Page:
R.I. Commerce gives Flux Marine $1.9M in tax credits to remain in Ocean State

PROVIDENCE – Flux Marine Ltd., a company that makes electric outboard boat engines, is staying in the Ocean State after the R.I. Commerce Corp. board of directors voted 8-0 on Monday to provide the business with tax credits that are worth an estimated $1.9 million over 10 years in exchange for hiring at least 80 new employees by the end of 2024.

Members of the board, chaired by Gov. Daniel J. McKee, spoke during the public meeting held on a Zoom videoconference with Flux Marine founder and CEO Benjamin Sorkin, who said the company currently has eight employees at its headquarters in East Greenwich, with plans to lease and build out a manufacturing facility in Bristol with the help of the tax credits, as the business shifts from research and development to full-scale production.

Leveraging Data Analytics in the Hospitality Industry

With quickly evolving technology developments, business owners, chief financial officers (CFOs), and controllers are inundated…

Learn More

Flux Marine, established in 2018, is also going public with an investment campaign on Tuesday, Sorkin said, after already raising $15 million privately with the help of a group of investors, including the organizer of TED Talks Chris Anderson and twins Cameron and Tyler Winklevoss, investors and entrepreneurs who founded Winklevoss Capital Management and digital currency exchange Gemini.

Sorkin said Flux Marine has “found a home in Rhode Island” and “could not think of a better place” to launch the “most technologically advanced and largest marine electrification companies in the world.”

- Advertisement -

Jeff Miller, executive vice president of investments for the R.I. Commerce Corp., said the tax credit deal helped keep Flux Marine in Rhode Island, as it was considering another site in Bridgeport, Conn. The new jobs would be split between the company’s current location in East Greenwich and newly leased space in Bristol, according to R.I. Commerce.

“This is an opportunity for the state to be on the cutting edge of an inventive and new technology,” Miller said. “What better place than the Ocean State? … The advantages of the electric motor are many. They’re environmentally friendly. They can be easily recharged … and they can be mounted on an existing conventional hull, where existing fuel tanks are retrofit to hold the battery cells. Another benefit is they run very quietly.”

Flux Marine must meet benchmarks to receive the tax credits, which discount the amount of corporate income taxes the company would otherwise owe under Rhode Island law. The deal requires Flux Marine to employ 48 people in Rhode Island in 2022, 68 in 2023 and a minimum of 88 by the end of 2024. Miller said the tax credit deal under the state’s Qualified Jobs Tax Incentive program incentivizes Flux Marine using a built-in “accordion” incentive to bring the company’s employee base beyond 80 new jobs after 2024.

R.I. Commerce Corp. board member Karl Wadensten pointed out that R.I. Commerce previously awarded Flux Marine $50,000 in seed money through a Rhode Island Innovation Grant during the company’s formative years.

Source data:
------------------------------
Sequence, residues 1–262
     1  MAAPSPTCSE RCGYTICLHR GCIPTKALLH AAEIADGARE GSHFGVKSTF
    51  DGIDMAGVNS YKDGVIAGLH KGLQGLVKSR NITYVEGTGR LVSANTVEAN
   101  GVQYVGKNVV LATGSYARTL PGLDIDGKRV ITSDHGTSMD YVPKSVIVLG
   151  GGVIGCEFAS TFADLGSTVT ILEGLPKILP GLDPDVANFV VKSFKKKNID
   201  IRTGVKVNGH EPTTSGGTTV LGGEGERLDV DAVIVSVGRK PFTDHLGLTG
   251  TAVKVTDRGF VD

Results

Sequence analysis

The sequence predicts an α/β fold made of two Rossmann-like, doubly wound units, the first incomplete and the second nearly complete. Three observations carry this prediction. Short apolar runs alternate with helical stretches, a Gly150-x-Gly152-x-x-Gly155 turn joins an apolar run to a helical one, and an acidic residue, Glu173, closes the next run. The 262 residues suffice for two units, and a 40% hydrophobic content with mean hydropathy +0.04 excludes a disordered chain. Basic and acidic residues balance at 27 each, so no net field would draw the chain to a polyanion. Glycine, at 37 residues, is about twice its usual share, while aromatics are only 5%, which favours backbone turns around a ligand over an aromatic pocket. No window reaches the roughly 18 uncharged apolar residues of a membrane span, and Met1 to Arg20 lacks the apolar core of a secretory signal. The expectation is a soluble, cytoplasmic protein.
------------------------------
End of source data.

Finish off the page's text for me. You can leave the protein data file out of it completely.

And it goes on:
“Connecticut was nowhere to be found. They were crickets at that time, right Ben?” said Wadensten, comparing Rhode Island to a loyal, longtime girlfriend. “We were there during the high school years.”

“I can’t argue that,” Sorkin replied.

The Flux Marine CEO also said while the company is pledging 80 new full-time employees by the end of 2024, with a median salary of $99,680, his company expects “to go well beyond that.”

R.I. Commerce said in a report provided before the meeting that Flux Marine plans on improvements to its proposed leased space totaling $860,000, and will invest in equipment valued at approximately $3.8 million. 

Referring to analysis prepared by consultant Appleseed, R.I. Commerce said in a report that Flux Marine’s operations in Rhode Island would contribute an increase of approximately $433,500 in annual state tax revenues, including $268,400 in state personal income taxes paid by workers newly employed by the company in its expanded Rhode Island operations and by Rhode Island workers whose jobs are indirectly attributable to the company’s expanded Rhode Island operations, along with $131,200 in state sales taxes paid on those workers’ taxable household spending, and $33,900 in state business taxes.

Prior to passing the Flux Marine tax credits, the R.I. Commerce board voted 6-0, as two board members had not yet arrived to the meeting, to grant $100,000 in Rebuild Rhode Island tax credits and $300,000 worth of sales tax exemptions to Studley Building Enterprises LLC and DMP Studley LLC – holding companies owned by Paolino Properties LP – in connection with redevelopment of the Studley Building at 86 Weybosset St. in downtown Providence.

Paolino Properties is turning the 5,000-square-foot commercial office building that’s long been vacant into 65 apartments, with 4,646 square feet of ground floor retail space. Fourteen units would be “workforce housing,” with incomes of occupants not to exceed 100% of the area median income for 30 years, said Randy Nigrelli, a consultant for R.I. Commerce.

The tax credits and exemptions represent 2% of the project costs, Nigrelli said, calling it an $18.3 million development. The Studley Building apartment project, similar to Paolino Properties’ nearby Case Mead Lofts building at 76 Dorrance St., is expected to be completed by the end of July 2023 and occupied in August 2023, said Hilary Fagan, president and chief operating officer for R.I. Commerce Corp.

Marc Larocque is a PBN staff writer. Contact him at Larocque@PBN.com. You may also follow him on Twitter @LaRockPBN.